According to InnerBody, the thymus shrinks from puberty onwards as its main role is completed during the childhood years. The main function of the thymus gland is to train immature T cells that are produced in the red bone marrow to become mature T cells that attack only foreign cells.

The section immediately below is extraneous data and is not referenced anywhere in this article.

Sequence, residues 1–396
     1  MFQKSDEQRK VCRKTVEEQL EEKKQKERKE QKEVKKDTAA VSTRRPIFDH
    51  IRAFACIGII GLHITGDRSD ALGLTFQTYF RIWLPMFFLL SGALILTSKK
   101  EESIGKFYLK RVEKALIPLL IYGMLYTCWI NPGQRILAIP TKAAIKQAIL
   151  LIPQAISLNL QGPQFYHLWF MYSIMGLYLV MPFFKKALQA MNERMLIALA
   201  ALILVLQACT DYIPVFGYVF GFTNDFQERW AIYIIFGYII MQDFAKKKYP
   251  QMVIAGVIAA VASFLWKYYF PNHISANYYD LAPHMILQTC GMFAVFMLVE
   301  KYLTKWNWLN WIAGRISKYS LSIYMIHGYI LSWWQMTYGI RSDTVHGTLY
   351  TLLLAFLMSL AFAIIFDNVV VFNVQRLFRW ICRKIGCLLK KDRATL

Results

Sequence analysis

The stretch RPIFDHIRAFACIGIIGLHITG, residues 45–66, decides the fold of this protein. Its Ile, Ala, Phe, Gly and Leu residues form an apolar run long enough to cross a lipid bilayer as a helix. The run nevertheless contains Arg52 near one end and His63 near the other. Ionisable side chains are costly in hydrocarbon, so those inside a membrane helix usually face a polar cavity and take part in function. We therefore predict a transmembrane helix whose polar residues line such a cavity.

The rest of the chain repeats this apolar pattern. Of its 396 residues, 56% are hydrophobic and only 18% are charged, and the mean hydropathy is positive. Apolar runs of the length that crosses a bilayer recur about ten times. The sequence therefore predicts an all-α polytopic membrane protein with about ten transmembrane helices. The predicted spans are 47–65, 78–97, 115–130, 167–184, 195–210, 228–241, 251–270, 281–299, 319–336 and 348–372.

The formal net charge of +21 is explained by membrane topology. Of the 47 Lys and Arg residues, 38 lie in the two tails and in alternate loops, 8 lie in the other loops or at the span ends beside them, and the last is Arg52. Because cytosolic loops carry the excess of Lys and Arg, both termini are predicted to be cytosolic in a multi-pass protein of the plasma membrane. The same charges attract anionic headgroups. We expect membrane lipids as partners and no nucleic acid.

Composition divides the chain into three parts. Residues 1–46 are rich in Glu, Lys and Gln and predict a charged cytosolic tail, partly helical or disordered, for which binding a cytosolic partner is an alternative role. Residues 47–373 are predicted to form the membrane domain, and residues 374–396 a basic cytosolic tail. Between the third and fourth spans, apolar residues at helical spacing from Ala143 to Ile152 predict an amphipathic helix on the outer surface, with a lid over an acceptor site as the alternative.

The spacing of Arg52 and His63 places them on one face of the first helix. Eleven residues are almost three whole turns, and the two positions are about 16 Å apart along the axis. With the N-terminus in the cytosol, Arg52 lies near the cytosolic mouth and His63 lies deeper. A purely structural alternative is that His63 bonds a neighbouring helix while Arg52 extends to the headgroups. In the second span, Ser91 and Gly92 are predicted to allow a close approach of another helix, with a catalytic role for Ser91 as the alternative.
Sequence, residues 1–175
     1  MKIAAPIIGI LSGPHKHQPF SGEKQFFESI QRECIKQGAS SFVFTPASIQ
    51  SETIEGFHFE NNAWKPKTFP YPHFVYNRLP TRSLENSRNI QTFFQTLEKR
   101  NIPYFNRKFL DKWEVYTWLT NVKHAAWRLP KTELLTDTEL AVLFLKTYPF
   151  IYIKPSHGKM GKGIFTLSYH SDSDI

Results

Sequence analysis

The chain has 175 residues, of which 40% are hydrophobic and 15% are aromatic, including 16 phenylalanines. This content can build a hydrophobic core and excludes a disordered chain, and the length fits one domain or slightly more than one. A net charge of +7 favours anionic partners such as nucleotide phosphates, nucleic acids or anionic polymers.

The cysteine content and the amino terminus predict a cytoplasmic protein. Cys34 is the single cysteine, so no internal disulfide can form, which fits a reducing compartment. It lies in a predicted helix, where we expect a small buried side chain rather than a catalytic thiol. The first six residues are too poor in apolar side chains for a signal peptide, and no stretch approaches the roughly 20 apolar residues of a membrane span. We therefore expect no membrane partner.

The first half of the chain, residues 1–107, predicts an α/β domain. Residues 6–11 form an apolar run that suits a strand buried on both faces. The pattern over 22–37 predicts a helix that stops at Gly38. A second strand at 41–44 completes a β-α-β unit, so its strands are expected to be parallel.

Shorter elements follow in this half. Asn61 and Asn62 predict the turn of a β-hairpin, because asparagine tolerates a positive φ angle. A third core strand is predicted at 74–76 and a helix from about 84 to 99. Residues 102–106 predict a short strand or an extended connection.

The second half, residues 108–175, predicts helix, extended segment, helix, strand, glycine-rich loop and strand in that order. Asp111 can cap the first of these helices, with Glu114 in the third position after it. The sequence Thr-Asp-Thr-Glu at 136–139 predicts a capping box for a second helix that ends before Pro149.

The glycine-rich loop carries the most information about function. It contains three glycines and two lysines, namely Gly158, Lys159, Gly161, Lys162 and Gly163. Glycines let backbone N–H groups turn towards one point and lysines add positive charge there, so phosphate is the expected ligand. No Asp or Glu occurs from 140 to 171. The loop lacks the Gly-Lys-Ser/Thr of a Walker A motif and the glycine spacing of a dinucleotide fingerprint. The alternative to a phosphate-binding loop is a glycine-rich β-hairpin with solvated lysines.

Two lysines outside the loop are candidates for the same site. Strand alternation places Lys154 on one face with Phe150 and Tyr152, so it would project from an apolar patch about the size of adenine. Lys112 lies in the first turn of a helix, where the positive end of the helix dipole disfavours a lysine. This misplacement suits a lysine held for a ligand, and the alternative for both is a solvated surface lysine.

The thymus grows throughout childhood until the onset of puberty. InnerBody states that that the immune system creates most of its T cells during childhood. The immune system requires very few new T cells after puberty. Because the body no longer has the same need for new T cells, the thymus gland is no longer needed to the same extent.